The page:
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Five More Legends Take Their Rightful Place in the NASCAR Hall of Fame

It’s hard to find five more deserving people to add to the already star-studded NASCAR Hall of Fame ranks than the legends that were enshrined in Charlotte on Friday.

Three-time NASCAR Cup Series champion Tony Stewart headed up a class that also included five-time NASCAR Cup Series champion car owner Joe Gibbs, 2000 NASCAR Cup Series champion Bobby Labonte, 19-time NASCAR Cup Series race winner Buddy Baker and one of the best engine builders / crew chiefs in the sport’s history Waddell Wilson.

Stewart, 48, is one of the most versatile racers of all-time.

Before becoming a star in NASCAR, Stewart was already forging his legendary status in the open wheel ranks. The Rushville Rocket recorded championships in the World Karting Association, the United Midget Racing Association, USAC National Midget Series and in 1995 Stewart won the USAC Silver Crown championship.

From there, Stewart found success in the Indy Racing League. After winning three races and a championship between 1997 and 1998, Stewart was ready for another challenge — the big bulky NASCAR stock cars.

Stewart was an instant success.

In his rookie season in the NASCAR Cup Series, Stewart captured three victories in his rookie season — an all-time record to this day — and he took home rookie of the year honors.

Over an 18 year career, Stewart would pile on an astonish 49-victories and three championships in the NASCAR Cup Series.

Although Stewart retired from NASCAR Cup Series competition following the 2016 season, he still remains active and is a consistent presence in victory lane in the dirt world.

Gibbs, 79, is now enshrined in two separate sporting league Hall of Fames — the NFL Hall of Fame in Canton, Ohio and the NASCAR Hall of Fame in Charlotte, North Carolina.

The Washington Redskins organization benefited from Gibbs’ impeccable coaching style to the tune of three Lombardi Trophies.

As his NFL coaching career was winding down, Gibbs made the move to NASCAR as a car owner.

After a winless first season in NASCAR, Gibbs’ No. 18 team captured the biggest prize of them all in the opening event of the 1993 season as Dale Jarrett won the Daytona 500. At the time, it was an upset win, but after that day JGR has gone from an admirable upstart team, to an absolute juggernaut.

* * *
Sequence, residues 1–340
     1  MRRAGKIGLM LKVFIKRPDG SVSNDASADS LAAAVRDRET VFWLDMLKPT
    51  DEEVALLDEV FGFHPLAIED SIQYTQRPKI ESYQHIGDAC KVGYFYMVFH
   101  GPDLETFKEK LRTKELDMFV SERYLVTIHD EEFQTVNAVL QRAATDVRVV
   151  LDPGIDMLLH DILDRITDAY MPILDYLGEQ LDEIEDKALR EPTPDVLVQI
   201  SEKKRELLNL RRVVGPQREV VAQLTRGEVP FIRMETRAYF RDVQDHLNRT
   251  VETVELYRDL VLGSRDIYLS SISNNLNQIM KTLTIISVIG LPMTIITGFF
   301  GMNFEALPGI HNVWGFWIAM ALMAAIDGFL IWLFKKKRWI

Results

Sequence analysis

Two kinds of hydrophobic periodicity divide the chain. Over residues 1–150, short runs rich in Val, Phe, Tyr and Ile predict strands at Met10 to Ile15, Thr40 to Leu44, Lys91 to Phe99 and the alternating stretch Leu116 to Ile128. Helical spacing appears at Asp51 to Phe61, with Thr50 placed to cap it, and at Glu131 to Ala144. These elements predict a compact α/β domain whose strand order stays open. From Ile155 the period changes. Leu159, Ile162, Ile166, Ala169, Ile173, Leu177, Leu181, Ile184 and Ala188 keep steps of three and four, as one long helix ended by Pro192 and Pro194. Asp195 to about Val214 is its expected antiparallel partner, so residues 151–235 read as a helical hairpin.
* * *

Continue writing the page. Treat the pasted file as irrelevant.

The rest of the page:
Gibbs’ race team has now recorded 176 victories in NASCAR’s highest division and he has amassed five Cup Series championships with three different drivers (Stewart, Bobby Labonte and Kyle Busch).

No matter what he’s doing or where he’s at, Gibbs knows how to assemble a team capable of winning — often.

For Labonte, he started his racing career in the shadow of his older brother and NASCAR Cup Series champion Texas Terry Labonte. However, it didn’t take long for Terry’s determined little brother to make a name for himself.

In 1991, just his second full-time season in the then NASCAR Busch Series (now Xfinity Series), Labonte took home two wins and the overall points championship.

Labonte was thrust into NASCAR Cup Series competition in 1993.

In his first two seasons, Labonte struggled to compete for victories while running for Bill Davis, but then for 1995 Labonte was hired to drive the No. 18 machine for Joe Gibbs Racing. In their first season together, Labonte and Gibbs won three races and Labonte proved he was a race-winning to potential championship contending driver.

As the 1990’s came to a close, Labonte continued to rack up wins and he became a more consistent driver with each passing season. This all culminated in Labonte beating Dale Earnhardt in 2000 to secure the NASCAR Cup Series championship.

Labonte would continue running full-time in the NASCAR Cup Series until 2012. He finished his Cup Series career with 21 wins.

Baker, the son of NASCAR champion Buck Baker, was known as The Gentle Giant.

At 6’6″ Baker had one of the most intimidating physiques in NASCAR history and he was a transcendent personality. As a racer, he had a lead foot as evidenced by Baker becoming the first driver in NASCAR history to turn a lap of more than 200-miles per hour. And he had a knack for getting it done on the largest of tracks.

Baker’s career pinnacle was capturing the victory in the 1980 Daytona 500.

Baker, who only was able to run the full schedule three times in his 35 year career, somehow pieced together 19 wins despite the mechanical instability of his race cars over the years.

Once Baker left the race track as a competitive driver, he became possibly the most entertaining analyst in NASCAR television history. Unfortunately Baker passed away at the age of 74 after a bout with lung cancer.

Wilson was a great crew chief and an elite engine builder.

Engines built by Wilson carried drivers to a grand total of 109 victories and 123 pole positions in the NASCAR Cup Series.

Wilson built motors for Holman-Moody, Harry Ranier (where he won the Daytona 500 with Baker in 1980) and Hendrick Motorsports.

As a crew chief, Wilson won 19 races and finished runner-up in the point standings twice (1981 and 1991).

Joining the legendary competitive inductees in the NASCAR Hall of Fame this year are Edsel Ford and Dick Berggeren.

Ford was awarded with the Landmark Achievement Award, while Berggeren was honored with the Squier-Hall Award for NASCAR Media Excellence.

The NASCAR Hall of Fame Class of 2020 are a very deserving bunch. As we celebrate the achievements of these incredible men, we await who will be selected for the Class of 2021.

Toby Christie View All

Toby is the Founder, Editor and go-to man for TobyChristie.com. He is also the co-host of The Final Lap Weekly Podcast. Additionally, Toby is a NMPA (National Motorsports Press Association) award winning writer, and has followed NASCAR as a fan since 1993.

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